Blog · Jul 8, 2015

Budget 2015 – What Entrepreneurial Businesses Should Know

Budget 2015 – What you need to know

George Osborne has just finished delivering his second Budget of 2015. Major changes have been announced to a wide range of policies that are of key importance to entrepreneurial business leaders. Among the most notable are those to National Insurance, apprenticeships and the minimum wage. In this Budget 2015 review we’ll be taking a closer look at these topics.

The National Living Wage

One of the biggest Budget surprises was the announcement of the National Living Wage. This will replace the minimum wage and will be set at £7.20 an hour for over-25s when it is introduced next year. It will then gradually increase to £9 an hour by 2020. No details have been announced on changes to the Minimum Wage for workers under 25. It is expected that the minimum wage for these age groups will remain the same.

These changes will cause an increase in cost for some businesses. The government is also taking some steps steps to offset this by cutting the amount of tax and NI that most employers have to pay. This includes a further cut in corporation tax to 18% by 2019 and changes to employers’ NI contributions.

National Insurance

To offset the cost of the new National Living Wage for small businesses the government has announced changes to Employers’ National Insurance Relief. This will be increased from £2,000 to £3,000 a year in 2016. This means that businesses will not have to pay the first £3,000 of their Employers’ National Insurance contributions. The government expects that this will exempt 90,000 businesses from paying Employers’ NI altogether by the end of 2017.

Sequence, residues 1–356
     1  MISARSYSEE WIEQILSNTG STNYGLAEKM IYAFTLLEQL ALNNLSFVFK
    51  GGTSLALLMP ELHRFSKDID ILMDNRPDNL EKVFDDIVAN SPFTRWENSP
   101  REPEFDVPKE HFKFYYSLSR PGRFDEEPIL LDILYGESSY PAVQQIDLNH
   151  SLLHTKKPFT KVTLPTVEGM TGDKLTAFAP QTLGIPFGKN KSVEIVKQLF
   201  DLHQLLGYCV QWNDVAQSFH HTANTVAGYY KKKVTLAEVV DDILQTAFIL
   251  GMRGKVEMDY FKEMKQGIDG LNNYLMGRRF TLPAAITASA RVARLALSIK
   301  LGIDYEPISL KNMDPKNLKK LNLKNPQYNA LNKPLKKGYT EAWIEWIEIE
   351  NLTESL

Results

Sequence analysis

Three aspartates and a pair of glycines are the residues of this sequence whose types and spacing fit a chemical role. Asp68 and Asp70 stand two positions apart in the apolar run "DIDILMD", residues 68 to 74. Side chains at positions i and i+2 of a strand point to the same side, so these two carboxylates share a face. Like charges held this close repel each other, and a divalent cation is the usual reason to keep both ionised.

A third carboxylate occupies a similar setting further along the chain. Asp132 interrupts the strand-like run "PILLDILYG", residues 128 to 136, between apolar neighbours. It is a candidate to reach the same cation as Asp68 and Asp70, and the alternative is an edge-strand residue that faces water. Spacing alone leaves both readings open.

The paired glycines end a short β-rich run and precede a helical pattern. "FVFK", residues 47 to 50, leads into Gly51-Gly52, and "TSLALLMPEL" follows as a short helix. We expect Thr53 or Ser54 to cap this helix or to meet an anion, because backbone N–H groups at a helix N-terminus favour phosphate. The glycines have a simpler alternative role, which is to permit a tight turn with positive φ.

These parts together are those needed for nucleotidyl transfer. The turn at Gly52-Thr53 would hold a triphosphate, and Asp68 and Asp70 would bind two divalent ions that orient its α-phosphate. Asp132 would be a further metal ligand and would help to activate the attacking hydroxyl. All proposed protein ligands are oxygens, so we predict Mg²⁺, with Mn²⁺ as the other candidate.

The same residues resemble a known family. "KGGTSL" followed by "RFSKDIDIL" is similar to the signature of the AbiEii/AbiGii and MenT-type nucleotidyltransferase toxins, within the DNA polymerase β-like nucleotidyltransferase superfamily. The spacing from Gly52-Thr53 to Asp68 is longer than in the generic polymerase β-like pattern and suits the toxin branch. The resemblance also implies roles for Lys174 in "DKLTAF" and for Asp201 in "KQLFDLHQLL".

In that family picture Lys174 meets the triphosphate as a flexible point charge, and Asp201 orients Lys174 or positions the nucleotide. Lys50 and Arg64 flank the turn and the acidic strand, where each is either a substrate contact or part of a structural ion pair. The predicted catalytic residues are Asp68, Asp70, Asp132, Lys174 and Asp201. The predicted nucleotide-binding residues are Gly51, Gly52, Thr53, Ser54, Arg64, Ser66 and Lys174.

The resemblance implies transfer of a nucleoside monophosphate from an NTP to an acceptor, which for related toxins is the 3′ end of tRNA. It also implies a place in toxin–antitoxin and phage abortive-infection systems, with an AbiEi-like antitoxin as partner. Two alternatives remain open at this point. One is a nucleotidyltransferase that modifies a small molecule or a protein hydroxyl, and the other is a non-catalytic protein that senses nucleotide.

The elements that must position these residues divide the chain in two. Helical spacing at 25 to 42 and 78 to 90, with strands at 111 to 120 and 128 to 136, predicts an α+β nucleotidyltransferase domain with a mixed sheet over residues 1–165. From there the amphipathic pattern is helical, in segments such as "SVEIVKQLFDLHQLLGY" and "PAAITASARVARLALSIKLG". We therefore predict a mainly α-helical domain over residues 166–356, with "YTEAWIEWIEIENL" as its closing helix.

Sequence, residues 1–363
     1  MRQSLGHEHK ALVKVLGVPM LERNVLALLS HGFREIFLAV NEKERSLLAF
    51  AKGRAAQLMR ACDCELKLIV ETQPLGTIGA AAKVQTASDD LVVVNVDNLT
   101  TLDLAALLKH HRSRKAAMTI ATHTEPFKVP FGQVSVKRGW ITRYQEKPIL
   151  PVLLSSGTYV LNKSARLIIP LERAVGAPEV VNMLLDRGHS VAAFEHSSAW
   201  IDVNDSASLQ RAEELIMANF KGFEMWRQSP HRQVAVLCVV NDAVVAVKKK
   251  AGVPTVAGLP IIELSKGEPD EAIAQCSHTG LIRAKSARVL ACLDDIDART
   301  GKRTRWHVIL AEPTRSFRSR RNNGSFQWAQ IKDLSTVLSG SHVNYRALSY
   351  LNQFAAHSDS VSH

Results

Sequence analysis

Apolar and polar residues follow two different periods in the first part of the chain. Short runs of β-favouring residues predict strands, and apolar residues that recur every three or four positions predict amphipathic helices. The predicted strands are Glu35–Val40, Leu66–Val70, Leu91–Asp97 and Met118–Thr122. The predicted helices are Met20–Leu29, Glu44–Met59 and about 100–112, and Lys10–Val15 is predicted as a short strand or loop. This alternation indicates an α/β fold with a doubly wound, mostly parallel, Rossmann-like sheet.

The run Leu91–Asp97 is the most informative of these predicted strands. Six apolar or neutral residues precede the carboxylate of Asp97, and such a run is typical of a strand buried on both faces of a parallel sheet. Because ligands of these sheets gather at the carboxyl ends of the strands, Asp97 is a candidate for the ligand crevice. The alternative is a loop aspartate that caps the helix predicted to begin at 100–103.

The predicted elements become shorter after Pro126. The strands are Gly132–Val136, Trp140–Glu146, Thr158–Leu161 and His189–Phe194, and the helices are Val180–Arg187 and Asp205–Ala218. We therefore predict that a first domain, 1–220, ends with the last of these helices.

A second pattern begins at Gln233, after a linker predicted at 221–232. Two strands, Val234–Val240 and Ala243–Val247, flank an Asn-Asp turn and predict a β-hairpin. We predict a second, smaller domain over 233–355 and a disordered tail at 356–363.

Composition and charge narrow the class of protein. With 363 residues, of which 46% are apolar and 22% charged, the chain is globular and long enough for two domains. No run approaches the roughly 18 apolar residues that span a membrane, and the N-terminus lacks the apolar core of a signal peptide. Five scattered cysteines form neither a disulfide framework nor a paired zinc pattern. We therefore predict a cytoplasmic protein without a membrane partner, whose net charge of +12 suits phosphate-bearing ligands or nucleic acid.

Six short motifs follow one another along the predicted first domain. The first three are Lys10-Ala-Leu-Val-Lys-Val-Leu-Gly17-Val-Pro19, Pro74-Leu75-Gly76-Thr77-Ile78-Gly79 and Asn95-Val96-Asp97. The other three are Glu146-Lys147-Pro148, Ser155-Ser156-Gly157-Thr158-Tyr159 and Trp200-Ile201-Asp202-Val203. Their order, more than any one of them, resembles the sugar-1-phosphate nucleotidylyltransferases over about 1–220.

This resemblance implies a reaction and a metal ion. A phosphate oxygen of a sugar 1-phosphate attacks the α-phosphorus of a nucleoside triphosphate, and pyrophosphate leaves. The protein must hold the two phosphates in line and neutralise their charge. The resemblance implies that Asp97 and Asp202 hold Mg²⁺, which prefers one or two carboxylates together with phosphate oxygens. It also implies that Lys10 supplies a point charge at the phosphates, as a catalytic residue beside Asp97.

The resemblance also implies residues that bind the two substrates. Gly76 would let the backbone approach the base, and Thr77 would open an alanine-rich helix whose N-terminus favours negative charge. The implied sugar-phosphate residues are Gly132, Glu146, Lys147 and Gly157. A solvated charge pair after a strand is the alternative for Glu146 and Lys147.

Apprenticeships

The UK budget 2015 includes plans to create 3 million new apprenticeships by May 2020. These will be funded by a new levy on large UK employers (the full details on how this will operate have not yet been revealed). This funding will then be distributed to employers who run apprenticeship schemes using a new online voucher system. The scheme will be up and running by the end of 2016.

MOTs and Driving

One unexpected change in the budget was Osborne’s announcement that cars will only need to undergo an MOT test when they are 4 years old rather than 3 years as at present.  Vehicle Excise Duty will also be reformed to pay for a number of new road building schemes in the north of England.

 

The UK Budget will result in some major changes to the way businesses operate. You can find full details on the Government’s 2015 Budget website.

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